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Abu Dhabi, UAESaturday 23 January 2021

Brexit

The fallout: Unexpected challenges for business in Brexit Britain

Percy Pig, Sky TV and fish all hit by issues in first week of trading with EU

Scottish fishermen say their product is no longer fresh by the time it arrives in France. AFP
Scottish fishermen say their product is no longer fresh by the time it arrives in France. AFP

New border rules introduced after the UK’s departure from the European Union are creating unexpected issues.

Some EU businesses have stopped posting to the UK, British expats can’t access Sky TV in Europe, while Sainsbury’s has started selling a rival grocer’s products on its shelves in Northern Ireland.

Even Percy Pig has been hit by Brexit.

Here are some of the curious challenges caused by the UK-EU divorce:

Dutch bike company ‘stops dealing with British customers’

Some smaller EU businesses including a Dutch bike firm have given up selling their products to the UK due to complicated changes in Value Added Tax (VAT) rules.

On January 1, the UK changed the rules for foreign mail-order sellers, requiring them to collect the sales tax on behalf of the government. They are then required to repay the money to HM Revenue & Customs.

The government could have applied existing VAT rules to EU sellers because goods arriving from outside the bloc were already subject to the rules.

But the sheer volume of goods entering the UK from the EU meant officials did not have enough staff to police the changes

Some EU traders have already stopped delivering to the UK because of the red tape.

Bicycle parts firm Dutch Bike Bits said it would ship to every country in the world except the UK.

"We are forced by British policy to stop dealing with British customers," it said on its website.

Didriksons, a Swedish coat maker, delayed orders under the impression that Brexit “imposes a customs duty on all trade to and from the UK”.

Parcels being delivered to the EU have also been affected.

Parcel giant DPD UK said it had temporarily stopped delivering packages to the EU because of the “increased burden” of customs paperwork.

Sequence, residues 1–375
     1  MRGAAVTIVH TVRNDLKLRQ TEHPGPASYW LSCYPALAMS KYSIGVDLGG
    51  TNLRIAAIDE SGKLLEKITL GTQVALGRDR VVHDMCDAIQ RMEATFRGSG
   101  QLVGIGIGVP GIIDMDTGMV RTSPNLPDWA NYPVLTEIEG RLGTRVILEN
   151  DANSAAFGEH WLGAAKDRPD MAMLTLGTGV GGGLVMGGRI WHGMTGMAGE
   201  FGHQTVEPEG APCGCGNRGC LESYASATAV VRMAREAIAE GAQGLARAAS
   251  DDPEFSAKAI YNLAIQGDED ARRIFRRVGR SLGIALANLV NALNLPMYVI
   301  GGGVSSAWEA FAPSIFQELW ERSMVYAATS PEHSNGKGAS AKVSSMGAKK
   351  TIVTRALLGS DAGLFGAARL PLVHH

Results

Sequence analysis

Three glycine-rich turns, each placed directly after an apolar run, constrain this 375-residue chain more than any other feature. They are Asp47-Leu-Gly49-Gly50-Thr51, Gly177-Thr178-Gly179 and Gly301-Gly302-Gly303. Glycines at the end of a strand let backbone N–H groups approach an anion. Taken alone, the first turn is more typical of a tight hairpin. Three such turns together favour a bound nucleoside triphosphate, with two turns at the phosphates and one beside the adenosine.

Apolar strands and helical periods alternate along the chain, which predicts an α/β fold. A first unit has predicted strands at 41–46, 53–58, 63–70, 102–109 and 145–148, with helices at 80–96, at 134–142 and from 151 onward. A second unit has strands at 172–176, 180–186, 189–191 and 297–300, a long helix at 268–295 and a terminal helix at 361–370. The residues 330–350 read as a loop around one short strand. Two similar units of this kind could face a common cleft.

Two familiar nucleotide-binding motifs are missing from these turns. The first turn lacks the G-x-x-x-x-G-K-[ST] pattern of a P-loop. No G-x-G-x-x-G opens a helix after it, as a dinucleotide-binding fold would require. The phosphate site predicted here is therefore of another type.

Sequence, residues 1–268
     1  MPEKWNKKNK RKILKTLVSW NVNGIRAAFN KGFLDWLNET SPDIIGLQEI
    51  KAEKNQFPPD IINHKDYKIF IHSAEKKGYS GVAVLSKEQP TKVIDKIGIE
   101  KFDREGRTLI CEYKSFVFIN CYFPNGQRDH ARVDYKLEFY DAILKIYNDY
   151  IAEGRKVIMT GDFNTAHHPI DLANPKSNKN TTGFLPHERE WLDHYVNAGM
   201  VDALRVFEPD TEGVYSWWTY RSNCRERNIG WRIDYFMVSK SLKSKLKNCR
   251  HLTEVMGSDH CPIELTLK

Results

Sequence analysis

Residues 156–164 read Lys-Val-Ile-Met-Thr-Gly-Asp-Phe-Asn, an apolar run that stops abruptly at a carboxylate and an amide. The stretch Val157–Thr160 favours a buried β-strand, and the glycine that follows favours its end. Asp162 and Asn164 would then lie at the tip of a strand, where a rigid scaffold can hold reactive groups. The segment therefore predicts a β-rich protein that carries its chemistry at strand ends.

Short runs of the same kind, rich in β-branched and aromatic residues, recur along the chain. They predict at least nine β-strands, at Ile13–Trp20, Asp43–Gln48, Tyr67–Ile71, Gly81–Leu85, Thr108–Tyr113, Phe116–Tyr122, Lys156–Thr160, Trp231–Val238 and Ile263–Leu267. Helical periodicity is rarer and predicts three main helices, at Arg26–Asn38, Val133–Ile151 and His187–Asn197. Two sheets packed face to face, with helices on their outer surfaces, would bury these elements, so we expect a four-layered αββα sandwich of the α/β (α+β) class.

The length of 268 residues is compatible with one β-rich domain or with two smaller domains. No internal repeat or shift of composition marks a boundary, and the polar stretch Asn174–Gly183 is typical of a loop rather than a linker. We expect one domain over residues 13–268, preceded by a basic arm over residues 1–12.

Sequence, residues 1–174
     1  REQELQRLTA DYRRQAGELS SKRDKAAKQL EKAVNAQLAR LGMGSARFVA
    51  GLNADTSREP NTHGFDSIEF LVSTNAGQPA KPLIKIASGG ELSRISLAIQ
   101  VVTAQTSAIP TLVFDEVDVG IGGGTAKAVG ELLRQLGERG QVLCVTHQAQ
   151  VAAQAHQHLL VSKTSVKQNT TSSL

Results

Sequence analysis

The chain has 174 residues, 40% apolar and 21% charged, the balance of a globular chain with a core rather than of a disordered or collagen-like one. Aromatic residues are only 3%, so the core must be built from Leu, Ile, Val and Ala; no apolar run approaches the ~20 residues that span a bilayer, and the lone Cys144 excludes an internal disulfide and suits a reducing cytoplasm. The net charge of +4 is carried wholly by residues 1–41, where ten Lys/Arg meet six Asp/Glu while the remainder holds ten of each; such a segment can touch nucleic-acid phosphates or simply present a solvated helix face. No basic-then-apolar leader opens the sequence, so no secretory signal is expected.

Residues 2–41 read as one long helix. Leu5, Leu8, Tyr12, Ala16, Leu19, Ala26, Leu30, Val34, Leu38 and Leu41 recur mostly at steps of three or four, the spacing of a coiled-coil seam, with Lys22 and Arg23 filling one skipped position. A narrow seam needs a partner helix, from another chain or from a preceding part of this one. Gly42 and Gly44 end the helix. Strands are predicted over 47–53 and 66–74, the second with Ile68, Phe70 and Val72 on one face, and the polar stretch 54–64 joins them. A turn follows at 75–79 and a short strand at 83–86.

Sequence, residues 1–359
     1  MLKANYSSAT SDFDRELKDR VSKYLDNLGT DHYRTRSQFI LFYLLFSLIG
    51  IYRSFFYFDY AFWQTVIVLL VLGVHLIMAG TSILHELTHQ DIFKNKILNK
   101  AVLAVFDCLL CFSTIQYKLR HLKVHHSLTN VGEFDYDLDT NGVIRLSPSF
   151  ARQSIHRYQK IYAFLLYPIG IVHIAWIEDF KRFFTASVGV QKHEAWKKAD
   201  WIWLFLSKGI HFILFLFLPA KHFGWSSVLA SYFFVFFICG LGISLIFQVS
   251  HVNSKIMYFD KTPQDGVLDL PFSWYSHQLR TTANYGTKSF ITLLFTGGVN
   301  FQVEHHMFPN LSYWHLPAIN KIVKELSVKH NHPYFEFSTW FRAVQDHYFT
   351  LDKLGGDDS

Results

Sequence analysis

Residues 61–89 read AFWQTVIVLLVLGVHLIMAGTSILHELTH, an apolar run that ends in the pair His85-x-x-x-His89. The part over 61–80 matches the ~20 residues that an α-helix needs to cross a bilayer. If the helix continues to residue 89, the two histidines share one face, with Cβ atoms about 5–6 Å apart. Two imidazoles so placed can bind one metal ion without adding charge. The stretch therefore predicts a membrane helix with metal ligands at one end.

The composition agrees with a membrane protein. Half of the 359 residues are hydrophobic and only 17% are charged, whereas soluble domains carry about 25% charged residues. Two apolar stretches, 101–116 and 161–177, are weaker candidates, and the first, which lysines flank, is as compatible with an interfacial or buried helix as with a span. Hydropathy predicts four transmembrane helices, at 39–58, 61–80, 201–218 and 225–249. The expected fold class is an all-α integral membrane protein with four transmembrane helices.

DPD said 20 per cent of parcels had "incorrect or incomplete data attached", which meant they would have to be returned.

Percy pig hit with tariffs

Percy Pig could also be hit with tariffs if Marks & Spencer re-exports the popular British sweet to EU countries, including Ireland.

M&S chief Steve Rowe said the iconic treat was subject to very complex “rules of origin” regulations that form part of the trade deal.

The rules relate to the composition of individual products and how much of it has been altered in the UK. Any product that is manufactured in Europe, imported into the UK and then re-distributed to EU countries faces a tariff.

Percy Pig sweets could be hit with a new import tax. Alamy 
Percy Pig sweets could be hit with a new import tax. Alamy 

Re-exporting is rare for other countries which have trade deals with the EU - such as Canada and Japan - due to their distance from the market.

"The best example I can give you of that is Percy Pig," Mr Rowe told reporters. "Percy Pig is actually manufactured in Germany. If it comes to the UK and we then send it to Ireland, in theory it would have some tax on it.”

Scottish scallops lose their freshness

Scottish fishermen have halted exports to the EU after the system that put fresh langoustines and scallops in French shops just over a day after they were harvested broke down.